Tesla CEO Elon Musk stands to be the next owner of Twitter, having pledged roughly $44 billion to buy the social platform and take it private. Assuming that happens, next up on his agenda will be planning how to fulfill his promises to develop new Twitter features, open its algorithm to public inspection and defeat “spambots” on the service that mimic real users.
He’ll also need to have the company start “authenticating all humans,” as he described it in a statement quoted in the Monday press release announcing the acquisition. What exactly Musk meant by the phrase remains unclear.
So does the question of whether his ideas are technologically possible and how we’ll know if these changes would benefit users or serve some other purpose.
Experts who have studied content moderation and researched Twitter for years have expressed doubt that Musk knows exactly what he is getting into. After all, there are plenty of fledgling examples of “free speech” focused platforms launched in the past few years as Twitter antidotes, largely by conservatives unhappy with the company’s crackdowns on hate, harassment and misinformation. Many have struggled to deal with toxic content, and at least one has been cut off by its own technology providers in protest.
“This move just shows how effective (moderation features) have been to annoy those in power,” said Kirsten Martin, a professor of technology ethics at the University of Notre Dame. “I would be worried as to how this would change Twitter’s values.”
The fact that no other bidders emerged in public before Musk’s deal was a sign that other would-be acquirers might find Twitter too difficult to improve, said Third Bridge analyst Scott Kessler.
“This platform is pretty much the same one we’ve had over the last decade or so,” Kessler said. “You’ve had a lot of smart people trying to figure out what they should do, and they’ve had trouble. It’s probably going to be tough to make a lot of headway.”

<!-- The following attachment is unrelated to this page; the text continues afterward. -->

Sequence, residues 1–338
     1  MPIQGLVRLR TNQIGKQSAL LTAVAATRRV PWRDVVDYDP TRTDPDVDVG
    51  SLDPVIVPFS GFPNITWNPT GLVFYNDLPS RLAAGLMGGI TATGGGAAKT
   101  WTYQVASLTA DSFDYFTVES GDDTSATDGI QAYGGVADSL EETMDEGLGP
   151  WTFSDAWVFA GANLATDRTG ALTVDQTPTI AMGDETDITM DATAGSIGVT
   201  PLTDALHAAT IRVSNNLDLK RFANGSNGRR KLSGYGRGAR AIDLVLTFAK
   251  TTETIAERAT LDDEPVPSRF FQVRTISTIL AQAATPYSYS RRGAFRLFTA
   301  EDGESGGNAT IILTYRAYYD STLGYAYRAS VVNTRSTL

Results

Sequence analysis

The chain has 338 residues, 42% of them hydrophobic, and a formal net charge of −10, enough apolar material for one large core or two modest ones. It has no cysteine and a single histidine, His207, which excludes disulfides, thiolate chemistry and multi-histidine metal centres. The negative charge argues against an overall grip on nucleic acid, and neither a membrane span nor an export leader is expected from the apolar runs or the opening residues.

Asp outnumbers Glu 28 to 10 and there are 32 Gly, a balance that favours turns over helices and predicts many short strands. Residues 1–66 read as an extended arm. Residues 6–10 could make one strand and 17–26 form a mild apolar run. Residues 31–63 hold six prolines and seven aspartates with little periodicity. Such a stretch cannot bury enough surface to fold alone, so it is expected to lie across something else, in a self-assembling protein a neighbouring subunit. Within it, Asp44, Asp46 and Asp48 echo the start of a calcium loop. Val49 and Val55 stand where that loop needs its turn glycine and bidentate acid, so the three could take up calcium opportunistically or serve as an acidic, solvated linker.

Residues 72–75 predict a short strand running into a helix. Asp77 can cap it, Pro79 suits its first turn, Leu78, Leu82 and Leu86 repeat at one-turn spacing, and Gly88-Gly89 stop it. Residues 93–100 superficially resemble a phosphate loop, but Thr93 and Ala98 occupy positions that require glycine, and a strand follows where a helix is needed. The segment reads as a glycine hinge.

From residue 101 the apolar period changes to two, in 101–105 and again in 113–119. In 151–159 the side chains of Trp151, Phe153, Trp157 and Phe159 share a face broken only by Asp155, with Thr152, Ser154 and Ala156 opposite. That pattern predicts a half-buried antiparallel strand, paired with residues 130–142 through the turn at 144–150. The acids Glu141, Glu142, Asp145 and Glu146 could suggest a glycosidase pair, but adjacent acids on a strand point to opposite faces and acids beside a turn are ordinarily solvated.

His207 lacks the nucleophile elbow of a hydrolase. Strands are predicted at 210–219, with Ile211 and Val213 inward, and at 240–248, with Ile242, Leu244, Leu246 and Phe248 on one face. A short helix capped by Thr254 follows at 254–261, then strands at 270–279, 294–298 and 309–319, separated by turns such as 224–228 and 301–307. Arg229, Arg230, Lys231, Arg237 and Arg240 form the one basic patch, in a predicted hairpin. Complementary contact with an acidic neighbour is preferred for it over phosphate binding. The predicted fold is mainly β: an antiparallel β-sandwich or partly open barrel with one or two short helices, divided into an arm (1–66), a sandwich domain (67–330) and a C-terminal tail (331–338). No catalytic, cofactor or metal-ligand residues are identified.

Musk received some effusive, if highly abstract, praise from an unexpected quarter — Twitter co-founder and former CEO Jack Dorsey, who praised Musk’s decision to take Twitter “ back from Wall Street ” and tweeted that he trusts Musk’s mission to “ extend the light of consciousness ” — a reference to Dorsey’s notion that “Twitter is the closest thing we have to a global consciousness.”
But others familiar with Twitter say they’re still dismayed at Musk’s successful bid for the company.
“Twitter is going to let a man-child essentially take over their platform,” said Leslie Miley, a former Twitter employee who has also worked for Google and Apple. Miley, who was the only Black engineer at Twitter in a leadership position when he left the company in 2015, echoed doubts about Musk’s grasp of the platform’s complexities.
“I am not sure if Elon knows what he is getting,” Miley said. “He may just find that having Twitter is a lot different than wanting Twitter.”
The more hands-off approach to content moderation that Musk envisions has many users concerned that the platform will become more of a haven for disinformation, hate speech and bullying, something it has worked hard in recent years to mitigate. Wall Street analysts said if he goes too far, it could also alienate advertisers.